A good first step in cyber self defense

The recent data breach at Equifax makes it clear that it is critical to use strong passwords for all online accounts. According to Equifax, the data breach happened between mid-May and July. The hack was discovered on July 29, but Equifax did not inform the public until September 7. Sensitive personal information such as Social Security numbers, date of birth, addresses was stolen from Equifax, affecting one in two adults in the United States (see here).

How to create strong passwords? Obviously the longer a password, the stronger it is. The issue is that of laziness. There may be a long list of accounts, e.g. financial accounts (banks and credit cards), social media accounts and other accounts. There may be ten or more such accounts to manage. Some people get lazy and use the same password. Using different passwords that are long enough and random enough across many accounts would indeed pose a huge management challenge – how to remember, store and update the passwords.

It turns out that it is not difficult to create strong passwords that are easy to remember. The idea is to come up with a phrase that is memorable only to you. For example, a college student may come up with the following phrase.

    My weakest subject is Chemistry. I will go to Tutoring Center 5 days a week this semester to get Help!

The resulting password would be “MwsiC.IwgtTC5dawtstgH!“. This is a 22-character password that includes upper case letters, lower case letters, numeric characters and special characters. Another plus is that it contains no dictionary words. If the information about chemistry subject is important and meaningful to the creator of the password, then it is easy to remember.

The string MwsiC.IwgtTC5dawtstgH! appears random. Yet there is a high level piece of information behind it that is known to no one except the creator of the passwords.

The college student in question can change the password by using another memorable phrase after the semester is over. So this idea is flexible and the possible pool of passwords is limitless.

For each account, create a memorable phrase associated with that account. Managing these passwords still requires effort. However the information to remember is at a high level (and memorable and personally meaningful). It is not about memorizing a random string of characters. In light of the Equifax data breach, the effort is the least we can do to help defend ourselves.

Any discussion of safe and strong passwords is a good pivot to talking about large numbers. Having an appreciation of large numbers help us appreciate the passwords such as MwsiC.IwgtTC5dawtstgH!.

For example, how many possible 22-character strings are there? To get a sense of how big this number is, let’s assume that the 22-character string consists of only lower case English letters. Then there would be 26^{22} possible strings. How big is this number? It is 1.3474 \times 10^{31}. To simplify, let’s say it is 1 \times 10^{31}, the number 1 followed by 31 zeros. Note that a billion is one followed by 9 zeros. A trillion is one followed by 12 zeros.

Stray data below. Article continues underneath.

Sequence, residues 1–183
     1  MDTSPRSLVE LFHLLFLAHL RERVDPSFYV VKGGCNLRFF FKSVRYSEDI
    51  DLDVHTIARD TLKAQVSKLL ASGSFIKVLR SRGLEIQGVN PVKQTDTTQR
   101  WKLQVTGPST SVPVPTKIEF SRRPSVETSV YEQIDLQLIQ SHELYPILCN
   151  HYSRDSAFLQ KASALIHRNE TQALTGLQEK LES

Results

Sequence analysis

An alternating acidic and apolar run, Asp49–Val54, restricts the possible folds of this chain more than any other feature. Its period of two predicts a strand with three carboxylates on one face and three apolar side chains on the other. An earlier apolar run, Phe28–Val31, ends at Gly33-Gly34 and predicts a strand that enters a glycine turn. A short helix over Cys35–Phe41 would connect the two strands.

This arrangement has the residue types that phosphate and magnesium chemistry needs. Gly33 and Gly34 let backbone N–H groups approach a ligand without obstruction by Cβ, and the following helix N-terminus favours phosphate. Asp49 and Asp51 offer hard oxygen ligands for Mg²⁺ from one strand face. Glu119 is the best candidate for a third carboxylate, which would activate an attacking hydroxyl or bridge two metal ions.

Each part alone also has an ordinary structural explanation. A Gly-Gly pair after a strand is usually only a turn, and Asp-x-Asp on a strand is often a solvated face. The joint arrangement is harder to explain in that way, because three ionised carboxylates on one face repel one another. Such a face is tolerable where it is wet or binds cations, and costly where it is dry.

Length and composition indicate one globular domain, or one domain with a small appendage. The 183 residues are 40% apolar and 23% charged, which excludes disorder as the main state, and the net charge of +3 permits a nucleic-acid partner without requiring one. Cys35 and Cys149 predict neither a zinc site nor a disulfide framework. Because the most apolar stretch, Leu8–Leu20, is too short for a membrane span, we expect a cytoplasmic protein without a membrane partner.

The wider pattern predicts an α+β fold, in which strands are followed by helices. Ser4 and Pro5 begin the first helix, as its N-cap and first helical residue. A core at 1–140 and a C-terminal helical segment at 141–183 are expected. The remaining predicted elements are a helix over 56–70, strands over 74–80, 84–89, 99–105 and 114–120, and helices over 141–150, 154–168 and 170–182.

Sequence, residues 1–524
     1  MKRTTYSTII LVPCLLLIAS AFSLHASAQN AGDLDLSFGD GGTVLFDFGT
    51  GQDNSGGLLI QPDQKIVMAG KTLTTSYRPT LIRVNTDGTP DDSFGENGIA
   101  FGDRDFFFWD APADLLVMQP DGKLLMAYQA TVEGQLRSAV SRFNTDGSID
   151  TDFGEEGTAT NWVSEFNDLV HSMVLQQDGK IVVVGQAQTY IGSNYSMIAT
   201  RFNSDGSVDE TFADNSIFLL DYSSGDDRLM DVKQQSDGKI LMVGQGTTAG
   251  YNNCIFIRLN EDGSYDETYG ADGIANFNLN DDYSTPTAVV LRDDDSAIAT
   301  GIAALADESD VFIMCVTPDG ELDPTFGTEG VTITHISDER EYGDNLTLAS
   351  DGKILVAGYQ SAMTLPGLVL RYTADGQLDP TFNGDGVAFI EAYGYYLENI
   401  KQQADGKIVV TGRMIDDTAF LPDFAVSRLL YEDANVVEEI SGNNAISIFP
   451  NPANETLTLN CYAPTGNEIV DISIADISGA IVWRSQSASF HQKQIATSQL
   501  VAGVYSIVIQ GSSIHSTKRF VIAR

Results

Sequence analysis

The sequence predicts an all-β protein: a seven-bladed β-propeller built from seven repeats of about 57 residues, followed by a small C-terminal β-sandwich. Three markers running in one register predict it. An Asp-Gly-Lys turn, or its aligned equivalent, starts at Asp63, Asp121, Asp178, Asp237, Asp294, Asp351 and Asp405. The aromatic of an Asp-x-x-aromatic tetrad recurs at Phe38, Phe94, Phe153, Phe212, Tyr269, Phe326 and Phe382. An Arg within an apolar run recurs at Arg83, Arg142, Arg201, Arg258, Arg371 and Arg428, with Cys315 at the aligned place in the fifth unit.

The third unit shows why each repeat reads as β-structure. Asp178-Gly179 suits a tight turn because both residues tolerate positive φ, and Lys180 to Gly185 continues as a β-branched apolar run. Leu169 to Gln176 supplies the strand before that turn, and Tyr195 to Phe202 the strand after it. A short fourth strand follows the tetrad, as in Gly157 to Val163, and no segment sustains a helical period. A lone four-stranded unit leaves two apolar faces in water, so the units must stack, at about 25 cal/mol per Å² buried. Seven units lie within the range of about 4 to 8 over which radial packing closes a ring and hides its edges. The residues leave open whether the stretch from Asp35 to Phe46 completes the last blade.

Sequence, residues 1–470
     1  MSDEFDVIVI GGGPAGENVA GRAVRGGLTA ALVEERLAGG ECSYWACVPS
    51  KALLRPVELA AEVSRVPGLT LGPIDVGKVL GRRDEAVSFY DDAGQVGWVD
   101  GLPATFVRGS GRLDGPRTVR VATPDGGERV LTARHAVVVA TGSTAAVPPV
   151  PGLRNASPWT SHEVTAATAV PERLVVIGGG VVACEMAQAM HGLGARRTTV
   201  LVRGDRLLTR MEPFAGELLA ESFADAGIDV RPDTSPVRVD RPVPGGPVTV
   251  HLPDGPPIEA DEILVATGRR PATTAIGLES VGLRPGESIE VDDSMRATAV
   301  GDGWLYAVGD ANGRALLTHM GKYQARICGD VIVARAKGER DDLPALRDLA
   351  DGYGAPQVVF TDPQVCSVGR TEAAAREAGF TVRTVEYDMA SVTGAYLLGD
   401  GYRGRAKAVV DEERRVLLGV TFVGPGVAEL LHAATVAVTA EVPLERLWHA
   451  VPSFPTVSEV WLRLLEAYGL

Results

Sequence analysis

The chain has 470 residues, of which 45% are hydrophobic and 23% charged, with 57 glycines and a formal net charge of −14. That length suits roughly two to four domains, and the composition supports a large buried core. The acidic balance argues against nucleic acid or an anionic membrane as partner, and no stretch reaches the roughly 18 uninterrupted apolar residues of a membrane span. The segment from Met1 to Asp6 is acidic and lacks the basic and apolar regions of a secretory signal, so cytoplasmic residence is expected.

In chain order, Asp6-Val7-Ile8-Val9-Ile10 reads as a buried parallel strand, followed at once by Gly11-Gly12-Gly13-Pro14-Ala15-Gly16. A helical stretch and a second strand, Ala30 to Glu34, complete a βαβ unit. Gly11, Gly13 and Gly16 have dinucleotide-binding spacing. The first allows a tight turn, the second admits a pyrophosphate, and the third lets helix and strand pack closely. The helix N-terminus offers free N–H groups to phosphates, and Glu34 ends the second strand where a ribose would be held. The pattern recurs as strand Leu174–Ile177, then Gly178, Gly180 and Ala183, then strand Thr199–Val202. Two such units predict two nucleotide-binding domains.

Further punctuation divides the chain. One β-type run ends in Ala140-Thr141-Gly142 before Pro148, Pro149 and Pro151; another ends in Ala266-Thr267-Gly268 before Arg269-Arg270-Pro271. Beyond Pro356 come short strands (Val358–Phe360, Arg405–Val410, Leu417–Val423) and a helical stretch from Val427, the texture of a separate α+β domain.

The number 1 \times 10^{24} only includes lower case letters. If we include upper case letters as well as numeric characters and special characters ($, ?, ! etc), then the universe of potential passwords is greatly expanded.

To appreciate how big 1 \times 10^{24} is, let’s compare it with the age of the universe, which is about 13.8 \times 10^{9} years (13.8 billion years). Converted to seconds, the age of the universe is approximately 4.35 \times 10^{17} seconds, which is less than 1 \times 10^{24}. Guessing at the password at the rate of one per second, the entire age of the universe is not enough time to cover the possible choices within the number 1 \times 10^{24}. This is assuming upper case letters and numeric and special characters are not in the mix!

It is believed that the sun can burn for another 5 billion years. So guessing at the password at a fast rate would mean that there is not enough time to cover all the possible choices.

Using the “memorable phrase” approach for password management is a good first step in cyber self defense. This approach can help keep your bank accounts safe. So it is a good first step in financial self defense as well.

Here’s a peculiar way to find strong passwords. This scheme is to produce 26-letter passwords such that every letter is known and is fixed! In fact, the first letter of the password is the first letter in the English alphabets, the second letter of the password is the second letter of the English alphabets and so on. The length of the password is long but every letter is fixed. This scheme is discussed in this blog post. This universe of passwords is not as big as the one for the 22-character passwords discussed above. But it is a big enough collection of possibilities that it is all but impossible to hack without computer help. There are 67,108,864 many different possibilities (over 67 million). How does this scheme work? Why is it that every letter is known but the passwords can be strong?

Curious? Think about it or go to this blog post. This particular scheme is a way to learn the concept of binomial distribution. Any one who understands this scheme understands binomial distribution.